The hype machine is kicking in big style for the new Tom Jones album (released in November) with strings on a few tracks by realstrings.com, including the first single – If He Should Ever Leave You. Does Tom Jones need a hype machine? Strewth, he’s a legend, but maybe even he needs a marketing campaign.
The gig came through Darren and Tunde of Future Cut who will be shooting up the kudos ladder when this one is finally released. We recorded the strings in London earlier this year and for such a high profile album, it was probably one of the most straightforward gigs. The arrangements came together with minimum fuss – Darren and Tunde had put together some string ideas and I developed these. The brief was classic soul and that seems to be what the first reviews are loving.
The track is already all over the internet, so here it is in full (streamed from Rolling Stone). Strings don’t really do much till later in the song. I know the track is already getting loads of broadcast play, so if you see me driving round in a Porsche you’ll know the PPL lived up to expectations!
And here’s an extract from the string score for the session.
One of the great challenges for us working with audio is communicating ideas with words. It just leads to so much confusion, partly because music expresses emotions beyond words, but also because we struggle to describe specific points in the music.
Soundcloud.com is a cool new web service for anyone dealing with audio. You really have to sign up and play around with it to get a feel for what it is! As well as being able to upload large audio files and share them, you can attach comments to the wave form. It won’t embed here, but try looking at it on the soundcloud website.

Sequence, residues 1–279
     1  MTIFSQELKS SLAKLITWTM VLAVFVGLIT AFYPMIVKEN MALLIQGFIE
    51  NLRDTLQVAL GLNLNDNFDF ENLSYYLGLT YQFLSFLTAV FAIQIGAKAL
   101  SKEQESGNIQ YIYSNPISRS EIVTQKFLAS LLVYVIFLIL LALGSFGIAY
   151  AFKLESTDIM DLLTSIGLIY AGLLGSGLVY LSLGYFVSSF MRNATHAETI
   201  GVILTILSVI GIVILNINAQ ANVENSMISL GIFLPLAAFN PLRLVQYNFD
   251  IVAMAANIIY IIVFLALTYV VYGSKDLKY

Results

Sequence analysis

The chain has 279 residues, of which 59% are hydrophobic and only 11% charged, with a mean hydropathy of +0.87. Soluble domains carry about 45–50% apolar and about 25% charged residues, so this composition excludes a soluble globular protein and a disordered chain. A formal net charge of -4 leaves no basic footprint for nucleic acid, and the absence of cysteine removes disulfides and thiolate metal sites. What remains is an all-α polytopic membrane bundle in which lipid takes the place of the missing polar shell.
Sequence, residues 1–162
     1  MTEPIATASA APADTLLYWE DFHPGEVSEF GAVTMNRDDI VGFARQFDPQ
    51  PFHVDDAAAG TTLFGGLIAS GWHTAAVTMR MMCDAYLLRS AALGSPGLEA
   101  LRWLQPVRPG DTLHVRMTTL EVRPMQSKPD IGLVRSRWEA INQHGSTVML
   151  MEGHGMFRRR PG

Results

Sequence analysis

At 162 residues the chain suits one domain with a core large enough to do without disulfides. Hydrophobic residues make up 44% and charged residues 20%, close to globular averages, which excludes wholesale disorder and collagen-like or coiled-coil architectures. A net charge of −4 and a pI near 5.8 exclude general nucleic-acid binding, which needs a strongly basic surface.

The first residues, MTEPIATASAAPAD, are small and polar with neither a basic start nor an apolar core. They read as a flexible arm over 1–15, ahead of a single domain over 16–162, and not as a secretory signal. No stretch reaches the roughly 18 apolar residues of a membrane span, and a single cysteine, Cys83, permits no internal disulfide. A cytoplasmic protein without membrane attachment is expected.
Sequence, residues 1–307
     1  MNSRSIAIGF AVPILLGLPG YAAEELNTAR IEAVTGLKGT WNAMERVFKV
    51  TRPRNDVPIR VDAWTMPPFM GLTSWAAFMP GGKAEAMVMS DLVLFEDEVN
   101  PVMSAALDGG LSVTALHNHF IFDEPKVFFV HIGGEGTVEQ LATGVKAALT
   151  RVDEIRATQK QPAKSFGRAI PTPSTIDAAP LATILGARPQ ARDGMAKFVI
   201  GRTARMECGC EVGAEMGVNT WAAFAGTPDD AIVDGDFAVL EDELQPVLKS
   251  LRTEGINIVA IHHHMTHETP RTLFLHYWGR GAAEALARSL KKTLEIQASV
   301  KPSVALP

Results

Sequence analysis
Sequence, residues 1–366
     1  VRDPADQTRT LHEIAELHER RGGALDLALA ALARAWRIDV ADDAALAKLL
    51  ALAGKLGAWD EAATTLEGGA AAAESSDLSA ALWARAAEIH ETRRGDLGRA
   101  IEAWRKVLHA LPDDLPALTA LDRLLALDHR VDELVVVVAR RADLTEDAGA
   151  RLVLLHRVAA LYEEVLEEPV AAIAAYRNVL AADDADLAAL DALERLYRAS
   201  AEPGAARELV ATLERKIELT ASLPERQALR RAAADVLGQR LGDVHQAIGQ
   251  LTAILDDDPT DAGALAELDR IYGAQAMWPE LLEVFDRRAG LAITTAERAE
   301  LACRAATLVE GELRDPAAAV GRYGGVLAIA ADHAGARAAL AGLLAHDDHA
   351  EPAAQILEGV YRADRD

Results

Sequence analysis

Roll your cursor over the little avatars under the waveform to see comments, attached to specific points in the music.
When I was heavily involved in music education I longed for a tool to create music notation in a browser. I even started a little development with a colleague but we never got anywhere near the service now offered by Noteflight. Here’s a basic example (I can’t embed it with WordPress, only link to it.)
It’s in beta at the moment but my simple 4 bars were easy to create with intuitive tools. As a demonstration tool of musical examples (chord movement, melodic shapes – many things related to music language) it is invaluable. The sounds are basic and playback lacks any finesse, but that is true of notation packages, where the look is the priority and the sound provides the bare essentials of pitch and rhythm.
Jobs come in, we turn them round, and they go, then sometimes (forgive me!) we forget about them. And months down the line they pop up, neat and tidy and finished.
This week I came across 2 albums of production (library) music released by West One Music that I’d worked on and are now all shiny and topped off! One is ‘Inspired‘ by Jay Price and the other ‘Cinematic Strings and Beats’ by Caspar Kedros and Scott Doran.
It’s still immensely satisfying to hear the completed mixes, as when we’re playing on the tracks they are in a work-in-progress state and my contributions tend to be a library of string ideas and files that could end up anywhere in the arrangement and mix. And it’s not until you hear the completed track that all the elements make sense. Now, I’d just like to hear them plastered all over some tv broadcasts.
Loops are a big part of the music composing and production process so I’m getting involved in the market with some realstrings loops libraries. I released my first library through Samplebase and now I’ve just completed my second one and it’s released by Organic Loops.